to specify the ﬁnite-time stability of the nominal guid-

ance system in consideration. Both the CFTDO and the

BCFTS are based on non-smooth yet continuous feedback

contr ol. Such non-smo ot h feedback control has a favor-

able characteristic: its equivalent control gain increases

as the feedback error decreases. In contrast to existing

smooth feedback controls, the non -s mooth feedback con-

trol may have better convergence and robustness [19, 20]

and is suitable to be applied to the UMTI. Given these

virtues, a fe w guidance laws based on the non-smooth

feedback control have been designed. For example, the

ﬁnite-time convergence of the LOS rate is realized in [12],

but the e↵e ct of the t ar get maneuver is suppressed using

the convent i on al sliding mode control; in [21], using the

high-gain control, the authors present a guidance law with

ﬁnite-time input-to-state stability (FTISS). Note that the

robustness of these two guidance laws is routinely guar an -

teed by the sliding mode control or the high-gain control.

As discussed previously, these two control methods have

their own drawbacks when adopted in the UMTI.

To address the preceding drawbacks, the int egr at ed

strategy is put forward with two key ideas: 1) the e↵ect of

the target maneuver is modeled as the disturbance and is

estimated using the CFTDO; 2) the design of the BCFTS

is coupled wi t h that of the CFTDO. An unique charac-

teristic of this integrate d strategy is that it can explic-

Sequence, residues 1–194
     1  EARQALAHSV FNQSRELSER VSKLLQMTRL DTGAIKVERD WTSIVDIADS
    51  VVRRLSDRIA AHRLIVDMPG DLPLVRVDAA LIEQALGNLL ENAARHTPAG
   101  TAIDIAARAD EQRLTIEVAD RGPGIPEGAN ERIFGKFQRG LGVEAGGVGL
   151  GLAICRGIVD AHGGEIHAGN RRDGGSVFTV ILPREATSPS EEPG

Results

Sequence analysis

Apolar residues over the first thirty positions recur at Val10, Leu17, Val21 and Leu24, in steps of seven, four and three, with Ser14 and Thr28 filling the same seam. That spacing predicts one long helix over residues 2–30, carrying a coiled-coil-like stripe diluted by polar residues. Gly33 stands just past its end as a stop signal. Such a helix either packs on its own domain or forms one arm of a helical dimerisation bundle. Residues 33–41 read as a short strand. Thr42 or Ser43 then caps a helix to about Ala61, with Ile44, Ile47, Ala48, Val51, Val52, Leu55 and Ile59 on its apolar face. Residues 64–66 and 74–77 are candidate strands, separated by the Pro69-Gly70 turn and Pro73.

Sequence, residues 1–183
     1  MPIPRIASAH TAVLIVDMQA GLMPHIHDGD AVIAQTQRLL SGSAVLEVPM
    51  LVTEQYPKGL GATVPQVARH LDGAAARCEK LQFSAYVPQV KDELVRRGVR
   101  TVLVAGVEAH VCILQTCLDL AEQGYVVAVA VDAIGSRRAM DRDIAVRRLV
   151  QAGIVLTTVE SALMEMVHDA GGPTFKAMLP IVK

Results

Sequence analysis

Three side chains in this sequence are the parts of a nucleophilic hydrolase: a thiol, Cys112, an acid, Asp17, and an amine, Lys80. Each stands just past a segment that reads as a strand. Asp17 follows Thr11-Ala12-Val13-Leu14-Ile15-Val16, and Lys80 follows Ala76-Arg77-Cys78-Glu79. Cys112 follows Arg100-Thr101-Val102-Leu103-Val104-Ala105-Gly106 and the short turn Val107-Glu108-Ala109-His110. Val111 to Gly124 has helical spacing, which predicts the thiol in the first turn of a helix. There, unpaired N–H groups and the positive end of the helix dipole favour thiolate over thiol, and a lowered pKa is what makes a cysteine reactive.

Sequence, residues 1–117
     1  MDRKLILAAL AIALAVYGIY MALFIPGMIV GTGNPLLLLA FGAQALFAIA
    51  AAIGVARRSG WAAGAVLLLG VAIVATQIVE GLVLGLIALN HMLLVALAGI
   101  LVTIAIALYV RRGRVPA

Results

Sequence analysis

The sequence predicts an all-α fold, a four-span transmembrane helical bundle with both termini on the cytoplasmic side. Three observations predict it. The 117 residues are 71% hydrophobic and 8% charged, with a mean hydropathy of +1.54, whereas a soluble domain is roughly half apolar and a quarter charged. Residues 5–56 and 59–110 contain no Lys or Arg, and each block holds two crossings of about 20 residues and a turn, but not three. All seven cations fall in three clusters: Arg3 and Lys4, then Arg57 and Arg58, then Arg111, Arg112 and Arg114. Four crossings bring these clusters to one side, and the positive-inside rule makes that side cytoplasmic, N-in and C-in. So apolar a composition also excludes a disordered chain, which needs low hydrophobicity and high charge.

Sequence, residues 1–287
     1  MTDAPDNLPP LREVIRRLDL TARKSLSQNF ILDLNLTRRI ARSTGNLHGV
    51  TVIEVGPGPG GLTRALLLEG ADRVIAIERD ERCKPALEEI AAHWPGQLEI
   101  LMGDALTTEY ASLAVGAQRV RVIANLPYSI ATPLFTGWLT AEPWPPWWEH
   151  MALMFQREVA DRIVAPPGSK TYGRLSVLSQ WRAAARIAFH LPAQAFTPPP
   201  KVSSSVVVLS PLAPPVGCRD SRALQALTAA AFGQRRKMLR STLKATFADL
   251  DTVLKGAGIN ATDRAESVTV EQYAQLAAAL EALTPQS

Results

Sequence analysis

itly d eal with the interplay between the CFTDO and the

BCFTS. This characterist i c is di↵erent from the existing

ﬁnite-time disturbance observer-based control methodolo-

gies (e.g., [22, 23, 24, 25, 26]), which d es ign the observer

and the ﬁnite-time controller in a decoupled fashion: they

are based on a zero-observation-error assumption. How-

ever, the observation errors cannot be perfectly canceled

in practi c e, especial l y concerning the UMT I. Nevertheless,

the proposed RFTG law can avoid such a restricted as-

sumption bec aus e of the integrated design adopted herein.

In addition, the proposed integrated strategy has sev-

eral appreciable advantages in the current scenari o. The

BCFTS, which uses the control saturation to quickly sta-

bilize the LOS rate, can take advantage of the limit of

the maneuver capability of the interceptor. Regarding the

CFTDO, it can rapidly estimate the disturbance of i n-

terest without su↵ering from the parameter convergence

issues. Through cooperation between the BCFTS and the

CFTDO, the resultant RFTG law is independent of both

the explicit maneuver models and the upper bounds of

the target maneuver s. Further, the RFTG law can guar-

antee locally FTISS in the presence of bounded derivative

of the disturbance, implying the LOS rate can b e rendered

within a bounded error as q u ickly as possible. Numerical

comparison results demonstrate the proposed RFTG law

can guarant ee the high-precision miss-distance.

This paper is organized as follows. We begin by formu-

lating a new short-range interception problem. In partic-

ular, a notion of the unpredictable evasive strategies is in-

troduced. The next section pre sents the robust ﬁnite-time

guidance law. Then, the convergence analysis of the LO S

2